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Minutes of the DeKalb County Planning & Zoning Committee
April 24, 2013
7 p.m.

PRINTABLE DOCUMENT (.pdf)

 

DRAFT

 

The Planning and Zoning Committee of the DeKalb County Board met on April 24, 2013 at 7:00 p.m. in the Conference Room East located in the DeKalb County Administration Building. In attendance were Committee Members John Emerson, Julia Fauci, Charles Foster, Dan Cribben, Anita Jo Turner, and Paul Stoddard. Also in attendance were Tracy Jones, Anthony Cvek, John Frieders, Mark Pietrowski, Mike Hey, Don Willrett, Alexander Smith, Richard Smith, Roger Craigmile, James Watts, Paul Borek, Greg Millburg, County Administrator Gary Hanson, and County staff members Paul Miller, Toby Petrie, Greg Maurice, Christel Springmire, and Rebecca Von Drasek.

 

Ms. Turner, Planning and Zoning Committee Chairman, called the meeting to order and noted Frank O’Barski was absent.

 

APPROVAL OF AGENDA

Mr. Foster moved to amend the agenda to include a Public Comment item within the agenda, seconded by Mr. Emerson .

 

The Committee briefly debated the need to include this item on this and future agendas.

 

Mr. Schmack, DeKalb County State’s Attorney, opined that it was at the discretion of the County Board as to if public comments should be allowed at Committee meetings. He requested time to review whether comments should be allowed at all future meetings, noting that this evening’s agenda did not include items which were subject to a public hearing. He expressed reservations about encouraging comments at future Committee meetings when the discussion items were already subject to public hearings.

 

Mr. Foster felt that allowing public comments followed the spirit of the law. He agreed that public comment should not be a dialogue and suggested that the Committee could stop a speaker if the topic was inappropriate for the Committee.

 

Ms. Turner noted that some topics discussed during public comment could be part of litigation. She emphasized that other topics would not give staff or Committee members adequate time to prepare responses.

 

Mr. Emerson stated that there had not been a problem in the past two years when public comments was a part of the agenda.

The motion passed to include public comment on the April 2013 agenda with five Members voting in favor and Ms. Turner opposed.

Mr. Emerson moved to approve the agenda as amended, seconded by Ms. Fauci, and the motion carried unanimously.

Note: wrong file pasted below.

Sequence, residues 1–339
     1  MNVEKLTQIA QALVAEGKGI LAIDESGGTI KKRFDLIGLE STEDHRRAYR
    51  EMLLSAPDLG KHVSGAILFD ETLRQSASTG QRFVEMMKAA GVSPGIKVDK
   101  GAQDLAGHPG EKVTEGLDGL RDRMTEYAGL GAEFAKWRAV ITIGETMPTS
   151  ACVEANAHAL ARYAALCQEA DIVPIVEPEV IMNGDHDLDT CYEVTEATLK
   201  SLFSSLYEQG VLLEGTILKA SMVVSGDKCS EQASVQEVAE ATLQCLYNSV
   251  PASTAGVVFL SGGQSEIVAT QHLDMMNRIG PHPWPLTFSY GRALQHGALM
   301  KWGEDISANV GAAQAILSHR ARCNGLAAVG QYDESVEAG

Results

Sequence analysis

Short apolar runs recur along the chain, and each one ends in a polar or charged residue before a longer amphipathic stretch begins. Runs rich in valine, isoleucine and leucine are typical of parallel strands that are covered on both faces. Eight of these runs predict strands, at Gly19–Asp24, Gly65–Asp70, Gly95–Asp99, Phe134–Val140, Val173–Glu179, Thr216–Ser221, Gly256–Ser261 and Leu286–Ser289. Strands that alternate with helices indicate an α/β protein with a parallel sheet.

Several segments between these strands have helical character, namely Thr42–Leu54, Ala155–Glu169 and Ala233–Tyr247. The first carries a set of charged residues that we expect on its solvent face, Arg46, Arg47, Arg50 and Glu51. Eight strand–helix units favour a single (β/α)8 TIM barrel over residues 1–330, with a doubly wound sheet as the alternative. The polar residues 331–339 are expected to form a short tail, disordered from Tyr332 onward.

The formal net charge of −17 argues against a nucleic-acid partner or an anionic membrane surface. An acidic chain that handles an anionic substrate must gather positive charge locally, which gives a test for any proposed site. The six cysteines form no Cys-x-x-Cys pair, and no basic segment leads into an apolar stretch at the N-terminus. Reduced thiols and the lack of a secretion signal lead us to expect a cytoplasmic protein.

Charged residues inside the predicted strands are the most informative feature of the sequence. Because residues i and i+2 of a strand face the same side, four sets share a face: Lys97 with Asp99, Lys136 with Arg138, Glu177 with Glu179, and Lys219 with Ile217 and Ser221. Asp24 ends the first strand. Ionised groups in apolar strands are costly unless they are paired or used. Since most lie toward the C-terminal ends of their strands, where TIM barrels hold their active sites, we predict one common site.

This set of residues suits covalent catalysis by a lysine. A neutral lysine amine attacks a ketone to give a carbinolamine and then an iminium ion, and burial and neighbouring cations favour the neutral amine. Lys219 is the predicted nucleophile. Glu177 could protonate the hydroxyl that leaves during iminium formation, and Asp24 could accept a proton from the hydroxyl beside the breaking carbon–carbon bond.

APPROVAL OF MINUTES

Mr. Cribben moved to approve the minutes of the March 27, 2013 meeting of the Planning and Zoning Committee, seconded by Ms. Fauci, and the motion carried unanimously.

 

DISCUSSION ITEM – Status of DeKalb County Landfill

Mr. Miller introduced Mike Hey from Waste Management to the Committee.

 

Mr. Hey made a short presentation and provided a handout which detailed the amount of garbage received at the DeKalb County landfill in 2012. He highlighted the composting operations and gas extraction wells.

 

Mr. Stoddard asked if Waste Management had begun excavating the original landfill. Mr. Hey responded that the excavation would be done in conjunction with the expansion, should approval be received. Mr. Hey noted that the Illinois Supreme Court was still deliberating on legal challenges to the landfill expansion.

 

Mr. Cribben asked Mr. Hey to clarify the average number of vehicle trips to the landfill in a day. Mr Hey responded that the daily average intake was 273 tons, which would result in approximately 30-40 truck loads a day.

 

RECYCLING ANNUAL REPORT

Mr. Miller introduced Christel Springmire, Solid Waste Coordinator for DeKalb County.

 

Ms. Springmire reported on the County’s recycling rate from last year and the stated goals for 2014.


She highlighted the success of recent recycling events. Ms. Springmire also noted the data shows a significant jump in the amount of recycled construction and demolition debris, and explained that Vulcan materials was reporting their recycled concrete in those amounts.

 

Ms. Turner praised the holiday light recycling program.

 

DISCUSSION ITEM – Building Code requirements for new agribusiness and changes in use of agricultural buildings